No one disputes that the $2.3 trillion we devote to the health care industry is often spent unwisely, but the fact that the United States spends twice as much per person as most European countries on health care can be substantially explained, as a study released last month says, by our being fatter. Even the most efficient health care system that the administration could hope to devise would still confront a rising tide of chronic disease linked to diet.

That’s why our success in bringing health care costs under control ultimately depends on whether Washington can summon the political will to take on and reform a second, even more powerful industry: the food industry.

According to the Centers for Disease Control and Prevention, three-quarters of health care spending now goes to treat “preventable chronic diseases.” Not all of these diseases are linked to diet — there’s smoking, for instance — but many, if not most, of them are.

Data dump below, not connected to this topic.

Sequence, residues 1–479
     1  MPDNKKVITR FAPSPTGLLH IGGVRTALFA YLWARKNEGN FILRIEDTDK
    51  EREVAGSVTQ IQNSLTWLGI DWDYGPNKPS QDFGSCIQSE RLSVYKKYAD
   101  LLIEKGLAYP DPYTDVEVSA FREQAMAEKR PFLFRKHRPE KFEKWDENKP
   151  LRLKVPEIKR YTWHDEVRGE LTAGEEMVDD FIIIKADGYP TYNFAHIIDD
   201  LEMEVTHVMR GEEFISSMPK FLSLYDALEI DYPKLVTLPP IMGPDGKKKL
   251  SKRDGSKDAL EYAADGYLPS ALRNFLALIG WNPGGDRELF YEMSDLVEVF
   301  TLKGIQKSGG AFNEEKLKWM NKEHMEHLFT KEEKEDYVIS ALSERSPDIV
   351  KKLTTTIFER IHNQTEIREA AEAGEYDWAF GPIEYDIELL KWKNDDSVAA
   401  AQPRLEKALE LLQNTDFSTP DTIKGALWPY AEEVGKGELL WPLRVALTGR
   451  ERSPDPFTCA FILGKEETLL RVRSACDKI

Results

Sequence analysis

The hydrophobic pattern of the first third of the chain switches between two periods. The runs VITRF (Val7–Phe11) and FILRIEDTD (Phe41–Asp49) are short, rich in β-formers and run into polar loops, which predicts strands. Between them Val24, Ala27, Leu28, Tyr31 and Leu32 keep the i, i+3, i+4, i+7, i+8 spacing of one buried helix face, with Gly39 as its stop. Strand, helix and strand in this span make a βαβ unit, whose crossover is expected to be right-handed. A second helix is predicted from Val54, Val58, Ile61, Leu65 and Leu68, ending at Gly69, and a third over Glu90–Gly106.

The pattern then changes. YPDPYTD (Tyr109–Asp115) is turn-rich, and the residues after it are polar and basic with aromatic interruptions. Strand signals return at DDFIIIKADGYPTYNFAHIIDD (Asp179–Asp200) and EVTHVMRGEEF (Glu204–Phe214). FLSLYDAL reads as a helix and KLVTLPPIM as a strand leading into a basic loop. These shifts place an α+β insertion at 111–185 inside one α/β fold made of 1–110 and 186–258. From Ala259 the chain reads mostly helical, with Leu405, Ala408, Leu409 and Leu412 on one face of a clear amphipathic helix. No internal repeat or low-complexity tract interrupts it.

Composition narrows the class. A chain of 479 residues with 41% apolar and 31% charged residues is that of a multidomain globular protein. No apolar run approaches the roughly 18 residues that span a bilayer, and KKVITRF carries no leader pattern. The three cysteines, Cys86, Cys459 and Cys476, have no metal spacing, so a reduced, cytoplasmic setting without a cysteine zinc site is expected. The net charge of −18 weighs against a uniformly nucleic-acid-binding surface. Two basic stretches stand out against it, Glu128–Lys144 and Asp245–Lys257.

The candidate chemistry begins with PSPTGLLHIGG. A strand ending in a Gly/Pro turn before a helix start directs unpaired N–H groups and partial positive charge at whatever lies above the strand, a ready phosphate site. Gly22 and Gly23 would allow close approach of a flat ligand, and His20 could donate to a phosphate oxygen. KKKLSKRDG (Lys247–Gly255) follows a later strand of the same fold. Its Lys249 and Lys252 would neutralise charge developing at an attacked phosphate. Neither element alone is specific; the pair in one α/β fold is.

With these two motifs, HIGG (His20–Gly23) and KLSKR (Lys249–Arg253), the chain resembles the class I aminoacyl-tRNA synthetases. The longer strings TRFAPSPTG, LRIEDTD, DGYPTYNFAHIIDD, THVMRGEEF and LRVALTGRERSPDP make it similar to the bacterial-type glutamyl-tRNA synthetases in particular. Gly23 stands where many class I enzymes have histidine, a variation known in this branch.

We’re spending $147 billion to treat obesity, $116 billion to treat diabetes, and hundreds of billions more to treat cardiovascular disease and the many types of cancer that have been linked to the so-called Western diet. One recent study estimated that 30 percent of the increase in health care spending over the past 20 years could be attributed to the soaring rate of obesity, a condition that now accounts for nearly a tenth of all spending on health care.

CLick here for the full article:

Firefighters make more medical calls than fires

Firefighters really are on the front line of the health care crisis. Check out this article in the NYT today.

Firefighters see chronic western disease up close every shift

Firefighters see chronic western disease up close every shift

Groups start a “buycott” of Whole Foods

Here is an article which ran in the Daily Finance today. It mentions my father’s diet as a”radical diet” and one which is “gulag-like” and “austere”. Oh, if only they knew!!!

John's op-ed piece in the WSJ has created quite a stir.

John's op-ed piece in the WSJ has created quite a stir.